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Crafting helps Sarah to manage her brain tumour anxiety

We’re advocating for creativity this Brain Tumour Awareness Month as we explore self-care for people living with a brain tumour. Sarah shares here how being creative has helped her to cope with her brain tumour diagnosis, and what other benefits she gets from crafting.

If you’d like to explore your creativity, come along to our next Art Time workshop in April!

The Great brainstrust Create-Off is our competition allowing people with a brain tumour to showcase their creative masterpieces. Open to all abilities, submit a piece you have created for a chance to win some prizes and feature in the brainstrust 2022 calendar. The deadline for submissions is the 31st March!

What sort of creative activities do you enjoy doing?

I have always enjoyed baking and decorating cakes, I always do cakes for my family’s birthdays.

A few years ago I went to night school to learn floristry at the College I worked at, that was two hours a week that I found so relaxing as it was away from screens and the stresses of life and you could just sit and chat and learn a new skill.

I taught myself from a kit how to make candles and from trial and error how to decorate bottles. I like making cards and I have taught myself since my brain surgery how to do die cutting and glass painting.

How did you find they helped you following your brain tumour diagnosis?

I have always liked doing crafts, but having that escapism really helped me when I was going through such a stressful time.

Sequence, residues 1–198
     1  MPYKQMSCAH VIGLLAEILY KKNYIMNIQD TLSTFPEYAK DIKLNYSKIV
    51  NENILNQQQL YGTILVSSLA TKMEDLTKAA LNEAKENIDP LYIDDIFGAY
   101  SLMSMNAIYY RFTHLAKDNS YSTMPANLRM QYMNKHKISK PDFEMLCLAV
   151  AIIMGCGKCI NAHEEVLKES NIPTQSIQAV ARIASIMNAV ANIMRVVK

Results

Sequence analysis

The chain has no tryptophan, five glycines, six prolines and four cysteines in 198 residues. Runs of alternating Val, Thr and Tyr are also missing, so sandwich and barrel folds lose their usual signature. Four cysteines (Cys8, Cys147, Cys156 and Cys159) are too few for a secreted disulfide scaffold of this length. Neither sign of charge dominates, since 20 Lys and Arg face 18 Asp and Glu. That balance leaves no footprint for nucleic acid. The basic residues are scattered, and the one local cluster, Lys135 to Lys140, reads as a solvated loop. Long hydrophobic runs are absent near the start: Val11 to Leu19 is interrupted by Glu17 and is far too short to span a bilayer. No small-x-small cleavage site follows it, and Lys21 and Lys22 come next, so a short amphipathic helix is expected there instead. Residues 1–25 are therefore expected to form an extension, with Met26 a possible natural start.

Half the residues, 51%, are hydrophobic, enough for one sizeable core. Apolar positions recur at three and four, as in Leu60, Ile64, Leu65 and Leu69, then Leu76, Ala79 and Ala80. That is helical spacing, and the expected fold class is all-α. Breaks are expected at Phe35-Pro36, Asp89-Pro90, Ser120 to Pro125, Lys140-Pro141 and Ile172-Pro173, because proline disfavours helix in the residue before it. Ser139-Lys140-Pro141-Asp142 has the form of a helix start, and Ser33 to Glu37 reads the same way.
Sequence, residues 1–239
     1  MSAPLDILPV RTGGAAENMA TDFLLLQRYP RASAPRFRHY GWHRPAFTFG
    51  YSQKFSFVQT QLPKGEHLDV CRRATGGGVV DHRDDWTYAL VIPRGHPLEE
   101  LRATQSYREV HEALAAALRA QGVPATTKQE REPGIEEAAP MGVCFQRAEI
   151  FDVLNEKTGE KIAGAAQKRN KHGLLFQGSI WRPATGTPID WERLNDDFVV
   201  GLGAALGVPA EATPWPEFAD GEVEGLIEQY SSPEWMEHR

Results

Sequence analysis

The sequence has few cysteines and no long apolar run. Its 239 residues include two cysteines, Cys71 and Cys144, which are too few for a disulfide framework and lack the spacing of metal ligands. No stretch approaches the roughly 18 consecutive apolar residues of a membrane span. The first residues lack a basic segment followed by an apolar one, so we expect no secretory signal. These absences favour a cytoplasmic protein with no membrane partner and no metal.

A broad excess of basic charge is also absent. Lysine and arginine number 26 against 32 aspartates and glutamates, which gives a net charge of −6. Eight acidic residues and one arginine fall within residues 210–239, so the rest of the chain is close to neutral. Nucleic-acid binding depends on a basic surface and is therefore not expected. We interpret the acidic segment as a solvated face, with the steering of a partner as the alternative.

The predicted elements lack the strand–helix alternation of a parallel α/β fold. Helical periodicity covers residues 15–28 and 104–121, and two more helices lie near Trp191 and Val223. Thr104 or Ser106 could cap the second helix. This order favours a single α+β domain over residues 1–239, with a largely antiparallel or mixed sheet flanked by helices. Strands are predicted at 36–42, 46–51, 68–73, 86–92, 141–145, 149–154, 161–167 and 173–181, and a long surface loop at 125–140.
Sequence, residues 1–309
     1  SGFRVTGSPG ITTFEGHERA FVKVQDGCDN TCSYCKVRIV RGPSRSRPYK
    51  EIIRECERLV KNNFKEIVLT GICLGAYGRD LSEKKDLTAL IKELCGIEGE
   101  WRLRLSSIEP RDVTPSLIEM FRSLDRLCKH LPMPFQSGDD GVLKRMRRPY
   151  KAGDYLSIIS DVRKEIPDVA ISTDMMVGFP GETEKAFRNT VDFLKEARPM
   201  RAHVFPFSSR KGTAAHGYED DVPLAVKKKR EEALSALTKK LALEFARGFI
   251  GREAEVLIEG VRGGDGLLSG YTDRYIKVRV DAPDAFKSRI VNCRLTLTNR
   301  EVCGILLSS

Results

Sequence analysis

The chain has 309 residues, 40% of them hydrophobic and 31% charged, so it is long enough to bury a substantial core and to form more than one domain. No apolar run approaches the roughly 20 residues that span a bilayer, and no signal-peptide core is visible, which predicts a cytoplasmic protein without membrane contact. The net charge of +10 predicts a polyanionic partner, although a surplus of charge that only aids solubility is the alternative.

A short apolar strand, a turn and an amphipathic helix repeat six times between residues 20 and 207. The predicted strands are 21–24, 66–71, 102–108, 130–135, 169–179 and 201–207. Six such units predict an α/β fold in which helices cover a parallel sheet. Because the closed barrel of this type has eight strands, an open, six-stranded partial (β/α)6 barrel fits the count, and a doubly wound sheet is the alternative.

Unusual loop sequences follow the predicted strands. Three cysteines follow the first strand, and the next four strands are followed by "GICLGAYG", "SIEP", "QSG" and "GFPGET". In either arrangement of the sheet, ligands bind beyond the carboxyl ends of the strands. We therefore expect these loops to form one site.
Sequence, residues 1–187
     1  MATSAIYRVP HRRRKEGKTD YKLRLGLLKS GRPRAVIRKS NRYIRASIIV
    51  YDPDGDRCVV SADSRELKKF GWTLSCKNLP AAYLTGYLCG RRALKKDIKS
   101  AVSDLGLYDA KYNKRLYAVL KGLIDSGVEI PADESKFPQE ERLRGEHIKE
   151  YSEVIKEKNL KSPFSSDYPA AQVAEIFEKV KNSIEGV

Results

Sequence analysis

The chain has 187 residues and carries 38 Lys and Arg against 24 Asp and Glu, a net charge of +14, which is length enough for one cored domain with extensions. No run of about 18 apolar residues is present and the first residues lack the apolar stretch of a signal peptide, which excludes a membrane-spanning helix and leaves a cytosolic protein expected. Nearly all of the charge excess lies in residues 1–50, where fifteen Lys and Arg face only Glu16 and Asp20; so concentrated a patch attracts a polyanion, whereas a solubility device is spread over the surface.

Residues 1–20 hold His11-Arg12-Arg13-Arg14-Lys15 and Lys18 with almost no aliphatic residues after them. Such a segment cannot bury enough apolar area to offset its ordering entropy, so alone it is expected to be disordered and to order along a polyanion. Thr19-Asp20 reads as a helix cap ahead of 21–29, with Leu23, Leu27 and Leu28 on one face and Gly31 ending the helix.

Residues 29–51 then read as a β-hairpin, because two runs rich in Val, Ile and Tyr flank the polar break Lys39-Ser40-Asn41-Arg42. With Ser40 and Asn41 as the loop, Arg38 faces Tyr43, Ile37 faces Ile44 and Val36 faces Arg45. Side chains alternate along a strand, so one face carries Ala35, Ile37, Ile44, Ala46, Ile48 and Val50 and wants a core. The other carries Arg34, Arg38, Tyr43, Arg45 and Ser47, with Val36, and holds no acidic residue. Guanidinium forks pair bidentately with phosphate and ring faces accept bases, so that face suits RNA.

It’s very easy to sit and worry, so putting my energy in to making things and learning new things really helped to relax my mind. It gave me something to focus on rather than the worry of all the scans and then knowing I was going to have to have surgery to remove the meningioma.

I also liked going out for walks and taking my camera with me, I took lots of photos of animals, birds and scenery and then this gave me the idea of putting those into a calendar that I then had printed for Christmas presents for people, which is now something I do every year.

How does it make you feel once you have completed a new creative project or tried something new?

It makes me feel happy, especially if I have made something for someone as a gift. I have made a few presents now for people, and they always say how much they love them as I’ve taken the time to make something I think they would like.

I like to try new crafts, some are trickier to do than others but when you’ve made something and you’ve almost taught yourself how to do it, it does make you feel proud. I really struggled after my brain surgery to be able to follow instructions or to think of what I wanted to make, but that has turned in to a really good tool for recovery because it was a challenge and it made me learn new ways of understanding, and when I look back on how I have improved, that has helped my confidence.

What would you say to other people with a brain tumour who are wanting to start a creative activity but are unsure?

I would say go for it, there’s so many different types of crafts now that you are bound to find one or two that you really enjoy and there are so many resources available online that will help get you started. I have found lots of helpful tips online and have found YouTube quite handy as it’s helped me to see something visually to then go and try it out.

I’m not an arty person, I can’t draw anything but from trying things out and taking inspiration from things around me I can make things and when you do it gives you such a sense of achievement.

I would also say take photos of the things you make and then every now and again look back at them and you’ll be surprised at how much you’ve improved and how far you’ve come.

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